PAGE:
Goal information is used by the Statechart generator for two purposes. First, the Statechart uses the goal information in order to determine when a Statechart is completed—if the associated data structure satisfies a goal specification, the Statechart state representing this goal state will automatically transition to a designated final state in the Statechart. Referring to FIG. 3, when state 310 is entered, the goal G1 is satisfied and the Statechart transitions to the final state 312. Similarly, referring to FIG. 4, when state 412, state 414 or state 410 is entered, the goal G2 is satisfied and the Statechart transitions to the final state 420. Second, when the system has initiative in an ongoing dialog, the goal information will be used to generate appropriate transitions to a state where the system presents to the user the next topic of discussion. Referring to FIG. 3, when state 308 is reached the system can prompt the user to specify a phonebook entry, since this is what is required to reach the goal G1. Similarly, referring to FIG. 4, when state 406 is reached, the system will prompt the user to specify a last name or a phone number, since this is what is required to reach the goal G2.

FIG. 5 is a flow chart of a method for generating a Statechart from a set of goals specified over a data model, consistent with certain embodiments of the invention. Referring to FIG. 5, the process begins start block 502 when a set of goals (in Disjunctive Normal Form) is specified over a data model which has n fields, where each field fi is associated with a constraint store Ci that contains the current set of possible legal values for the field fi.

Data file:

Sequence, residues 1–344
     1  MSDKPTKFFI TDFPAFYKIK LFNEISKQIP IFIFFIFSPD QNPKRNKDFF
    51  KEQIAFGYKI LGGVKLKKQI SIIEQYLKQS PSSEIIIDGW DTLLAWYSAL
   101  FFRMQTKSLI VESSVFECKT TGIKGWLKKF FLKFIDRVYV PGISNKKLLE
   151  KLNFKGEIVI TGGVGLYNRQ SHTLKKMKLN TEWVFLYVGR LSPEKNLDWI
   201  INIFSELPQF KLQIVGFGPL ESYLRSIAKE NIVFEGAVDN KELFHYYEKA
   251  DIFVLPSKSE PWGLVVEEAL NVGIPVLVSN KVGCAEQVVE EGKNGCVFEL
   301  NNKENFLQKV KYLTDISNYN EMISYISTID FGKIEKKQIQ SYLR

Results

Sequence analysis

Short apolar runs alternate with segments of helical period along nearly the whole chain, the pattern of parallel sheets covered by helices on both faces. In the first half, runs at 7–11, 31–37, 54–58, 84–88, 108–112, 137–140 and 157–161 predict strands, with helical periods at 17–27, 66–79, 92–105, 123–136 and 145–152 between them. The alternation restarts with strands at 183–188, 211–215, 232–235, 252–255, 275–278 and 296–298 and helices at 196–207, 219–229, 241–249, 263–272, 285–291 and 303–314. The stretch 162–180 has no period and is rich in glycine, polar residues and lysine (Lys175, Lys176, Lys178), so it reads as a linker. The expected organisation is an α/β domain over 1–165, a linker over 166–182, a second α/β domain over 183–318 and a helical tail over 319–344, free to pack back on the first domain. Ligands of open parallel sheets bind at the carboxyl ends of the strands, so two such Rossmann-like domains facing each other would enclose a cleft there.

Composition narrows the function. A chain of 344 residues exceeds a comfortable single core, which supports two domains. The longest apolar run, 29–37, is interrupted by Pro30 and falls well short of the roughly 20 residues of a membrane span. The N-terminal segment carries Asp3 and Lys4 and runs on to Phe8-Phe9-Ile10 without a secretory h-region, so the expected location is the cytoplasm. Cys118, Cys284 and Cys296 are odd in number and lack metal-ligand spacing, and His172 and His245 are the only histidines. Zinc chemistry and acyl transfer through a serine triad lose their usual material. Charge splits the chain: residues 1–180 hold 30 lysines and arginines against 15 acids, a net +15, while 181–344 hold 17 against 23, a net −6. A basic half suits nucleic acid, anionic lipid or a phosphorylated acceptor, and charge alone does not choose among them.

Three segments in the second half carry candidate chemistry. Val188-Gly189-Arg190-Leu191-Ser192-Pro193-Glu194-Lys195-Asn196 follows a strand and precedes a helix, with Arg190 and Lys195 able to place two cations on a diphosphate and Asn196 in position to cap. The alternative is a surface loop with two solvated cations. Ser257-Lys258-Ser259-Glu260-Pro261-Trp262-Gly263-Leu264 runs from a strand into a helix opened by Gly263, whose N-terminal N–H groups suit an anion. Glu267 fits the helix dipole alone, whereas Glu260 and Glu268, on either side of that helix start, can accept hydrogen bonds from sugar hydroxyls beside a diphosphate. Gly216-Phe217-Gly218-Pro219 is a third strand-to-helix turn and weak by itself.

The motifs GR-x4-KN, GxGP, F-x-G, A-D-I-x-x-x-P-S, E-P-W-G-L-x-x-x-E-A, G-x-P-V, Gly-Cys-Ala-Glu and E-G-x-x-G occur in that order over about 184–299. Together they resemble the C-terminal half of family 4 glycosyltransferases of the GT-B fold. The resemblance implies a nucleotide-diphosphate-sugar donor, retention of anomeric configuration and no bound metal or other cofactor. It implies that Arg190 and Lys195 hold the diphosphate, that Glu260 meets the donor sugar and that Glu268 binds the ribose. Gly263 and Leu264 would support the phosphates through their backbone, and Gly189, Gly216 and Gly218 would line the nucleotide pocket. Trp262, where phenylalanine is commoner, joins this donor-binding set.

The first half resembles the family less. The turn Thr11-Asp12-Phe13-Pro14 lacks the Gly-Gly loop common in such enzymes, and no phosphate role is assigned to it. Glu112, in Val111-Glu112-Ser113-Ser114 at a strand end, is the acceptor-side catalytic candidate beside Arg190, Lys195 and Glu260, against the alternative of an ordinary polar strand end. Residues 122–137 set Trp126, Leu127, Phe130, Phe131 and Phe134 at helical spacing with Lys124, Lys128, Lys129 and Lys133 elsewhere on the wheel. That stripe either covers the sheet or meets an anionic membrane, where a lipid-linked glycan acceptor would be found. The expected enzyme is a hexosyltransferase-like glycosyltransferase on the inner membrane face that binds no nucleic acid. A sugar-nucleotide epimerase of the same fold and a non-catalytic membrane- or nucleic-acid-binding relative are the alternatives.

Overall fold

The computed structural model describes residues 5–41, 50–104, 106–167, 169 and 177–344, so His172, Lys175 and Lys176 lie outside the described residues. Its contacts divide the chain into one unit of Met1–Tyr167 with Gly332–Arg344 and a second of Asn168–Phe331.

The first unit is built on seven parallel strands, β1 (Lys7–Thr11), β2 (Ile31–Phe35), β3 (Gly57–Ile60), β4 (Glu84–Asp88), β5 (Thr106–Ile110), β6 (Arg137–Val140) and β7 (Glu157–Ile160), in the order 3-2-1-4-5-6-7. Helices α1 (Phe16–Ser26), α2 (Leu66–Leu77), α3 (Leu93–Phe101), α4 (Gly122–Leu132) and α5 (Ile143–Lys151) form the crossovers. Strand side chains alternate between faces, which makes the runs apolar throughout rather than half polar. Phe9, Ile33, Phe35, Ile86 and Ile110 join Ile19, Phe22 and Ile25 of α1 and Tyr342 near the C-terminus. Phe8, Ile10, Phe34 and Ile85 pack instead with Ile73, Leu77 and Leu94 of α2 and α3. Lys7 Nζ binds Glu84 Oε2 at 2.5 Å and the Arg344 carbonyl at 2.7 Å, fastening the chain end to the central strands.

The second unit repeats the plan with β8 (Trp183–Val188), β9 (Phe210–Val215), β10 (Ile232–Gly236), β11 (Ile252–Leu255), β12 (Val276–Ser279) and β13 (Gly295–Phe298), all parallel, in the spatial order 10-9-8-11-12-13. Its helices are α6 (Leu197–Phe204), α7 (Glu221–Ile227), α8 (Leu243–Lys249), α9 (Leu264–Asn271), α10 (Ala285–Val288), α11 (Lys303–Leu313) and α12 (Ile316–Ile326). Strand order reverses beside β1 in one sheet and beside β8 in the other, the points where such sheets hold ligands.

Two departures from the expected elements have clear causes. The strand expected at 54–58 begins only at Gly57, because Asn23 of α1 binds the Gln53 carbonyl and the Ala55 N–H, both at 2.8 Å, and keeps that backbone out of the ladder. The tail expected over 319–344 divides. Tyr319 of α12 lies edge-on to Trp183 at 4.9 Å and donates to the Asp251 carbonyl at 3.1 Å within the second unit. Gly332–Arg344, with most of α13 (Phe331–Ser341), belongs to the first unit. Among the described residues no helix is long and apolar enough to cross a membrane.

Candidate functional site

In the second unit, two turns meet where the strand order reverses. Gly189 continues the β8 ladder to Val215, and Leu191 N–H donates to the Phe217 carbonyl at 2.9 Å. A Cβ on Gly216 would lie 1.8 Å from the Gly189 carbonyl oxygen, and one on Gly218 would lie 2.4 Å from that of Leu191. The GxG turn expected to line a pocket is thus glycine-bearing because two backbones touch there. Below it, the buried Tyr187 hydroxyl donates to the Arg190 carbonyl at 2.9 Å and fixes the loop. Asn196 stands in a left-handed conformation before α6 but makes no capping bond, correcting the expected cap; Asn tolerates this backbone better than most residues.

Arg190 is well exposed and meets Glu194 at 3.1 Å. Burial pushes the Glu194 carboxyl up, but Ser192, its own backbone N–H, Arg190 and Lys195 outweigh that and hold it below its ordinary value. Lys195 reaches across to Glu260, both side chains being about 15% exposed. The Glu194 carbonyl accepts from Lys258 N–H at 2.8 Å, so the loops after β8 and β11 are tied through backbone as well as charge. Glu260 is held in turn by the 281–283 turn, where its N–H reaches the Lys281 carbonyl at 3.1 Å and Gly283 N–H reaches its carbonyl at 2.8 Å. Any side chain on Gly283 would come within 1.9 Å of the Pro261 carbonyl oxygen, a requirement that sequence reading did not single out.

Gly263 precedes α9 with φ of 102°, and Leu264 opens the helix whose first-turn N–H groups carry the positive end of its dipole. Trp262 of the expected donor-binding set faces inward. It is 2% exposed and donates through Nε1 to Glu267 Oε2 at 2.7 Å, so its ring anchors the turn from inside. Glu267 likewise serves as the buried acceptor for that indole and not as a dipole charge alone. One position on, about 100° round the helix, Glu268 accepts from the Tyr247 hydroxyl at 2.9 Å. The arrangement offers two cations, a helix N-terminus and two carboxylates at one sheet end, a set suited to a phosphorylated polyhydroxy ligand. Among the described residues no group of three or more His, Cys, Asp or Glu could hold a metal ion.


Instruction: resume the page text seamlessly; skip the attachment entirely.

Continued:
In one embodiment, the general procedure for using the data model plus goals to generate a Statechart is as follows. A data model can be viewed as a tree structure, with each nested structure being a node of this tree. For each node ni of a data model tree, all the field names of ni are collected into a set Fi. For the data model shown in FIG. 1, this yields two sets, F1 and F2, corresponding to the top-level structure and the single nested structure (F1={cmd, entry}, and F2={fname, lname, number}). For each Fi a set of states for a Statechart Si is created. At the end of the process, the generated Statecharts will be linked together in a single Statechart by embedding all non-root level Statecharts inside of higher-level states. For example, 400 will be embedded in the entry state 306 in 300. This procedure therefore takes advantage of the hierarchical structure permitted by Statecharts.